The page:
6. No one stays at one agency for 10 years and just gets the average. I’m aware of that fact. A good manager at some point looks at that person’s compensation relative to their contribution and is able to get a “market correction” put in place. This essentially raises the person’s salary so that it’s still within the range of the role, while still allowing for margin to be made.
  7. This analysis is purely to look at tittle and salary. It doesn’t take into account things like work life balance, retained knowledge or other factors.
  8. An often unmentioned fact is that your first salary does dictate, on some level, future salaries. Every future increase is based on the last one, so if you negotiate 45K as an Account Coordinator, you end up better off financially, than if you negotiated and accepted 35K. That’s just basic economics.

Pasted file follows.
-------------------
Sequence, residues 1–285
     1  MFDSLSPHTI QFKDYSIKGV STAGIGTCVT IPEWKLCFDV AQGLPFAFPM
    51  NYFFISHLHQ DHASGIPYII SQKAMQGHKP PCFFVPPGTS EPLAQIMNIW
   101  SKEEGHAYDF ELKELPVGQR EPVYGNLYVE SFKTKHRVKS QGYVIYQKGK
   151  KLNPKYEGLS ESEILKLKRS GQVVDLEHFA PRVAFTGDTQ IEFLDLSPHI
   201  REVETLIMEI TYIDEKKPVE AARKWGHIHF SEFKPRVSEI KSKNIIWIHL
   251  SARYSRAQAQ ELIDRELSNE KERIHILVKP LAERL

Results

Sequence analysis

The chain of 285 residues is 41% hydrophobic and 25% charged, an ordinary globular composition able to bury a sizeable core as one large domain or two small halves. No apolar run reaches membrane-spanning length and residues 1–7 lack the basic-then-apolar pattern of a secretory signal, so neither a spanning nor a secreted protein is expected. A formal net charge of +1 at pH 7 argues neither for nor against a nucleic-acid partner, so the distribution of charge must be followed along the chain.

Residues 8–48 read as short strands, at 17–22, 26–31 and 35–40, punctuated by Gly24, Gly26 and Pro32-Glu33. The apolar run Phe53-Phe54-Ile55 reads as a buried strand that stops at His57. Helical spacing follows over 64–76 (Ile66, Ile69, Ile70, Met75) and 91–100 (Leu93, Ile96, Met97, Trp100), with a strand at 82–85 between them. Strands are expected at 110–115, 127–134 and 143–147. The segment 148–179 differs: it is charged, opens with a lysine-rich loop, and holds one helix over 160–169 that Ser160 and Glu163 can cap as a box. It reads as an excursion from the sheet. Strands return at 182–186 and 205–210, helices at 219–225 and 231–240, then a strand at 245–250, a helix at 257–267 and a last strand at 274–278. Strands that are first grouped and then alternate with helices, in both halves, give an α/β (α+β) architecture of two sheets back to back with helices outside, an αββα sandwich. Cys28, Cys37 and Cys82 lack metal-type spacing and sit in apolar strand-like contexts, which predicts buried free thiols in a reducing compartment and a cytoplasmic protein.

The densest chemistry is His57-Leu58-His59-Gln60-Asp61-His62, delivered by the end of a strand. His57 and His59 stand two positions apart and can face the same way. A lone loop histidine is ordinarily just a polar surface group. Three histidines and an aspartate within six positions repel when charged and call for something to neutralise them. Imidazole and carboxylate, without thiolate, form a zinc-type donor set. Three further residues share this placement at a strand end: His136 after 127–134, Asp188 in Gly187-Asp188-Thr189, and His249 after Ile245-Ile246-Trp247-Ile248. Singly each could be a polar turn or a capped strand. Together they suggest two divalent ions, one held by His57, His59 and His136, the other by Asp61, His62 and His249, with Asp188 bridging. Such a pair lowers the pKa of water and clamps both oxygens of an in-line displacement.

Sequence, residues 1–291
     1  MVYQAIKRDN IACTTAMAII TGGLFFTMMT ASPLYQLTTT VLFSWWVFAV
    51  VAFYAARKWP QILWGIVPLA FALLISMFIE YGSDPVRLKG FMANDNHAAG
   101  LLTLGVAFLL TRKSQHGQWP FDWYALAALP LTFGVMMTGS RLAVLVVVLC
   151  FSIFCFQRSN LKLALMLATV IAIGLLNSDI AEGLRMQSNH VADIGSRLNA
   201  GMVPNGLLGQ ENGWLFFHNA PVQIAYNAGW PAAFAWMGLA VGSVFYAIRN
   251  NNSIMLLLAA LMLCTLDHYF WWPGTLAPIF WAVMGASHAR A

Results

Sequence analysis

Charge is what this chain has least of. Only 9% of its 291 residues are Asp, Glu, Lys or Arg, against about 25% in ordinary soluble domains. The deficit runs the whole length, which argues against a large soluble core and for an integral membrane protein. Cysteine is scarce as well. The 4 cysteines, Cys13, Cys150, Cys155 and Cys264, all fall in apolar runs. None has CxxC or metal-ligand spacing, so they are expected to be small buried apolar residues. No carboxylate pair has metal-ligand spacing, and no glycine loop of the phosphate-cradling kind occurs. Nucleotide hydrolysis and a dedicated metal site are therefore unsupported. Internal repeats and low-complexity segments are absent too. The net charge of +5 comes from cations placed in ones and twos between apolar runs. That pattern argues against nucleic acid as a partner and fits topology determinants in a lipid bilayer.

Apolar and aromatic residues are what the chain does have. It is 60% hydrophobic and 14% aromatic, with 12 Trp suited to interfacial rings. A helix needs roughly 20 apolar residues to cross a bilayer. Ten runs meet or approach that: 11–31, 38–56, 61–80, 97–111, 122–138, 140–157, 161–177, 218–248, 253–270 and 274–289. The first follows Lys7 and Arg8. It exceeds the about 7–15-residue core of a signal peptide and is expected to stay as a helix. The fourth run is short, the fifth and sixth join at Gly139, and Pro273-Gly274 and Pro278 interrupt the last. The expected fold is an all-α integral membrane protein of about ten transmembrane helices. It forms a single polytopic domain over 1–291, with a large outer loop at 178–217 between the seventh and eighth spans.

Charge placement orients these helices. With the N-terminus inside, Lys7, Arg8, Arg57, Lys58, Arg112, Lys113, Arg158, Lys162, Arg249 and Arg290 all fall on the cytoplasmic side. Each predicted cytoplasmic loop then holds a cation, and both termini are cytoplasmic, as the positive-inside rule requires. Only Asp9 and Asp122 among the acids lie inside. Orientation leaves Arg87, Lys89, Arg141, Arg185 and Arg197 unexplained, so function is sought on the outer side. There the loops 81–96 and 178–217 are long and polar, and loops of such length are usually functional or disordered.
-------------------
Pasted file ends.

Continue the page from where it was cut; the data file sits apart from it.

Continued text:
9. You’ll see a column that outlines the importance of #9. The “Straight 10% Increase” column, simply applies a 10% increase every year. That never happens, but it’s a good comparison point to look at.
  10. Every situation is different and this not meant to be final law.

Job Hopping Data

What does this data tell us? A lot and nothing. It tells us that there is certainly a financial and status gain to be had by job hopping in the agency world. You climb the ladder faster and earn a fairer compensation faster when you job hop. I say fairer, because as has been well-documented, when you consider the number of hours the average agency person works, their per/hour rate doesn’t seem like a fair wage. Anyone who’s worked in agency life for 8+ years, I think would agree.